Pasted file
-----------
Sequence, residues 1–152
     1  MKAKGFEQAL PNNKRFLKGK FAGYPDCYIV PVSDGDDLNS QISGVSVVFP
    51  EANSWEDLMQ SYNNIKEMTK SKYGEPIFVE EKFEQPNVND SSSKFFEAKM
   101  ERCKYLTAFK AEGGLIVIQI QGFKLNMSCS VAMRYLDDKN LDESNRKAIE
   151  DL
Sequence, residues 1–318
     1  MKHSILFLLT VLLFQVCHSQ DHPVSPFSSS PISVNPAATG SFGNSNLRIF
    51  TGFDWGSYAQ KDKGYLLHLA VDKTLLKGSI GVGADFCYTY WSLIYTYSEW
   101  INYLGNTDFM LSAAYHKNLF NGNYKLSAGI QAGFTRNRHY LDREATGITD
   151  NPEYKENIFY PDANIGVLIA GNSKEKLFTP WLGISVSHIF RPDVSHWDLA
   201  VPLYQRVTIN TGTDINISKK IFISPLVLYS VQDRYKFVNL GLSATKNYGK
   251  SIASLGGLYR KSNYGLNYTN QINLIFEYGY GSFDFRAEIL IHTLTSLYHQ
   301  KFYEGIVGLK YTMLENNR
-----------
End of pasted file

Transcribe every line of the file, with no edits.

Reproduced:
Sequence, residues 1–152
     1  MKAKGFEQAL PNNKRFLKGK FAGYPDCYIV PVSDGDDLNS QISGVSVVFP
    51  EANSWEDLMQ SYNNIKEMTK SKYGEPIFVE EKFEQPNVND SSSKFFEAKM
   101  ERCKYLTAFK AEGGLIVIQI QGFKLNMSCS VAMRYLDDKN LDESNRKAIE
   151  DL
Sequence, residues 1–318
     1  MKHSILFLLT VLLFQVCHSQ DHPVSPFSSS PISVNPAATG SFGNSNLRIF
    51  TGFDWGSYAQ KDKGYLLHLA VDKTLLKGSI GVGADFCYTY WSLIYTYSEW
   101  INYLGNTDFM LSAAYHKNLF NGNYKLSAGI QAGFTRNRHY LDREATGITD
   151  NPEYKENIFY PDANIGVLIA GNSKEKLFTP WLGISVSHIF RPDVSHWDLA
   201  VPLYQRVTIN TGTDINISKK IFISPLVLYS VQDRYKFVNL GLSATKNYGK
   251  SIASLGGLYR KSNYGLNYTN QINLIFEYGY GSFDFRAEIL IHTLTSLYHQ
   301  KFYEGIVGLK YTMLENNR